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[HOW TO] SecureBootModel changes in OpenCore 0.7.2

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Have you tried using Itlwm.kext and the Helport application, to see if they work any better than the current kext you are using.
Thanks for your help Edhawk will look more into Itlwm and Helport
 
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1. Added Vault in the first post.

2. Added this text at the end of the first post:

Khronokernel has a file uefisecureboot.md with instructions about how to add custom Secure Boot keys into your firmware and I've found some sites on Internet with instructions to digitally sign boot loader files and to include the signature inside the firmware but all of them use Linux systems and the process seems very hard and away from the knowledge of an average user (like me).

So for now, secure boot mode in BIOS will remain disabled in order to boot OpenCore and macOS.
 
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Wow OpenCore may support UEFI Secure Boot in the future. Really curious about how it is done and how it will impact dual-boot of macOS and Windows 11.
The way to do this is described in the uefisecureboot.md text from khronokernel, based on other texts such as Sakaki's.
But they have to find a way to make it simple for the end user because it is currently a task too complex except for (very) advanced users.
I don't see it as easy to implement but I like the project.
 

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I agree the methodology used by Sakaki is not for the faint hearted. It follows a well thought out process, but there are too many variables and steps for a noob to follow and not mess up.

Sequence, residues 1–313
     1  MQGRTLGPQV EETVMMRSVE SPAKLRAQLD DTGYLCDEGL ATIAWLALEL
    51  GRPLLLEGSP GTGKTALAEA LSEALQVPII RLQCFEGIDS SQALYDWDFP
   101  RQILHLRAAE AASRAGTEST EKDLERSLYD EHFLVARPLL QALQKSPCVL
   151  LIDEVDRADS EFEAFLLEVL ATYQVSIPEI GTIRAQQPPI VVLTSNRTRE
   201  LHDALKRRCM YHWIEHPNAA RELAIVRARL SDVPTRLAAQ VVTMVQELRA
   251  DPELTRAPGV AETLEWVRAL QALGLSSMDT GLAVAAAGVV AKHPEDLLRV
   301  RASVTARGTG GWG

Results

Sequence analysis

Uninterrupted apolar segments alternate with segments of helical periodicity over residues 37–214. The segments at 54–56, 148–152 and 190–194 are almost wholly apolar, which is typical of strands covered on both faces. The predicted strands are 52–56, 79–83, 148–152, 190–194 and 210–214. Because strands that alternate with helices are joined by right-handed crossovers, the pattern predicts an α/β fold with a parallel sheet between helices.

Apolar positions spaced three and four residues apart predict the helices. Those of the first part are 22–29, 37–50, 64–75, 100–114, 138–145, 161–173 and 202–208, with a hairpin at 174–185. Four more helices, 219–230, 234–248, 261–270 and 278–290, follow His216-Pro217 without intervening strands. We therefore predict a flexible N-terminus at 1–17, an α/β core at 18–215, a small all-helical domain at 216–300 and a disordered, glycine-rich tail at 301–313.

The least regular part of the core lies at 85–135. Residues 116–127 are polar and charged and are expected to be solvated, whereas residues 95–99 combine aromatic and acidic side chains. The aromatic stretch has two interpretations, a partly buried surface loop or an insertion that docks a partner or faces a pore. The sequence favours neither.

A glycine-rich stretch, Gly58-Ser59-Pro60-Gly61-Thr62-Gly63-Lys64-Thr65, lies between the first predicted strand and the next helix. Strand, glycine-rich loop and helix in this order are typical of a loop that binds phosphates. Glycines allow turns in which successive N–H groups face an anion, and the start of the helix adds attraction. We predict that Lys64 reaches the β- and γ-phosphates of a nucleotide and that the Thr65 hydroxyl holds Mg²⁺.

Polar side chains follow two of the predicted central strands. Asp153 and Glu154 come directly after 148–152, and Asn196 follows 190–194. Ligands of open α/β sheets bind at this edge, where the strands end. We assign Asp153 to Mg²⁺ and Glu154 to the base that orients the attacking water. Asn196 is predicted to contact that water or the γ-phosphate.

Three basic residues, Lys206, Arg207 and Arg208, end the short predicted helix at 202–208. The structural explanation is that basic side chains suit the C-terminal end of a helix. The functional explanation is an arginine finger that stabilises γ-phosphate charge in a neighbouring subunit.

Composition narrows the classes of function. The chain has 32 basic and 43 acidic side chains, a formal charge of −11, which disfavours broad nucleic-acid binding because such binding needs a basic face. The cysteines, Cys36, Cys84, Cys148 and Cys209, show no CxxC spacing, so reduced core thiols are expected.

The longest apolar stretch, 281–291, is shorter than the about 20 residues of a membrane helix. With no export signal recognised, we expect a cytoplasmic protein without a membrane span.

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Even more so when you add OpenCore Vault in to the process, which I believe needs to be enabled for the UefiSecureBoot process Acidanthera wants to incorporate in to OpenCore.

Note: Vaulting is not the same as FileVault2. It is explained as follows:

Vault: This can be seen as secure boot for OpenCore, so no one can modify it and get in without your permission.

Link to Vault page in OC guide - https://dortania.github.io/OpenCore-Post-Install/universal/security/vault.html
 
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@Edhawk
Actually all the articles that I have found have the same base: a Linux system (Ubuntu, Gentoo, etc.) in which to generate the keys and sign the bootloader's files with them. Of course, it is unthinkable to propose this method to the general public. Hard and tedious.

I think that Acidanthera is in the first step of creating a simple method (if possible) to do the same task from macOS. There is still a long way to go but this team is capable of achieving it.

Basically we need linux because sbsigntools and efitools only exist for linux. The other required tools, openssl and keytool, can be used from macos.

If someone could port sbsigntools and efitools to macos (I have no knowledge for it, not even close to it) the task that is done in linux could be done in macos but still I think it should be simplified.

Anyway, it is the beginning of the road, we will see where it takes us.
 
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Even more so when you add OpenCore Vault in to the process, which I believe needs to be enabled for the UefiSecureBoot process Acidanthera wants to incorporate in to OpenCore.

Note: Vaulting is not the same as FileVault2. It is explained as follows:

Vault: This can be seen as secure boot for OpenCore, so no one can modify it and get in without your permission.
Yes, Vault and FileVault are different things.
But Vault itself isn't mandatory for UEFI secure boot, I've generated keys and signed OpenCore efi files in an Ubuntu system, put them into an USB, replacing BIOS keystore with muy own keys (plus Microsoft certificates) and, when enabling UEFI secure boot, OpenCore boots fine with and without Vault.
 
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